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Main Question

For a plugin I'm developing, I want to show a floating window somewhere within the buffer view, but want to work out exactly which rows and columns in the window are already taken up by content in the buffer so that I can place the floating window in a location where it does not obscure the code.

What I mean with that is that if I have a window that looks like the left, I am trying to determine that the window positions marked in green are free.

enter image description here

To accomplish this, my plan was to write some code that returns an exact copy of the contents of the window, so that I can then calculate the empty space available by subtracting the window width with the amount of characters that row contains.

Quickly, I ran into issues as there are many options that can be set to a multitude of values, each of which can alter the wrapping behaviour. See one such example in the extra context below.

If anyone knows a better way of achieving this (getting an exact copy of the contents of a window), or can point me in the right direction as to how I calculate the ACTUAL indentation level of a wrapping line (vim.fn.indent(lineNum) just returns the indentation level at the start of the line and doesn't care about wrapping lines), that would be nice.

Extra Context

Things become much more tricky and confusing when breakindent is enabled. The documentation doesn't match my expectations. For example, the documentation for breakindentopt:min reads

min:{n}     Minimum text width that will be kept after
                applying 'breakindent', even if the resulting
                text should normally be narrower. This prevents
                text indented almost to the right window border
                occupying lot of vertical space when broken.
                (default: 20)

But even when explicitly setting breakindentopt:min:20 and shift:0 lines start being shifted towards the left when the visible buffer width starts shrinking below a certain width, and that width doesn't seem to correlate to 20...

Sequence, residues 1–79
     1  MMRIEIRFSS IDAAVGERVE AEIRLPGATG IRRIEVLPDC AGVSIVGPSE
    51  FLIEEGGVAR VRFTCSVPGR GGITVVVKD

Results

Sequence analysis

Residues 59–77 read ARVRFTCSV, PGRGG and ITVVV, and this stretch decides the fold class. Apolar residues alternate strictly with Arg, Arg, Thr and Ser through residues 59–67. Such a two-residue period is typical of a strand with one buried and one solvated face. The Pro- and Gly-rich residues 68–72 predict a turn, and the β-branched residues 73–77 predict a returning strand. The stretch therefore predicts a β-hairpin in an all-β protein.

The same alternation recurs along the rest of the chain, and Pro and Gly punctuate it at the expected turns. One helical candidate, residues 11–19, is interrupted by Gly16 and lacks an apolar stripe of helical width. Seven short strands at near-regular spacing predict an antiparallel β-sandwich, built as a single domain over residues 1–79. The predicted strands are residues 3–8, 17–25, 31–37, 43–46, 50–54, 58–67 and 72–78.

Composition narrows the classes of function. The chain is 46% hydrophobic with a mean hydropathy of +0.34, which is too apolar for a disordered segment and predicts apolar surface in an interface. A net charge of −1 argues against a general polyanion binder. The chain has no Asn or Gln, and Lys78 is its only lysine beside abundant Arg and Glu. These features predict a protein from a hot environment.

enter image description here

I've worked out that for some reason it starts shifting when the visible buffer width starts becoming smaller than the original indentation level + 18 characters, but where that value truly comes from, I don't understand.

Then there's many more options that are available, such as breakindentopt:column, which can influence the visible appearance of the buffer. Especially when windows get narrow, things start getting freaky.

I'll share my code that I currently have, but since it's quite a mouthful, here's a pseudocode rundown:

     - Get the line num of the first visible line of the buffer with vim.line('w0')
     - Calculate the line num of the last expected line given the window height
     - Grab those lines from the buffer
     - unwrap each line until we have enough to fill the window height
     1. to unwrap a line, we calculate the buffer_width (window width - gutter width)
     2. we take the line up to buffer_width, add it as our first line
     3. we take the rest of the line, pad it with spaces to match the right indent level, and repeat with the padded result


    -- unwrap a line into multiple lines if it spans multiple rows
    -- buffer_width: the width of the visible buffer area (window width - the gutter!)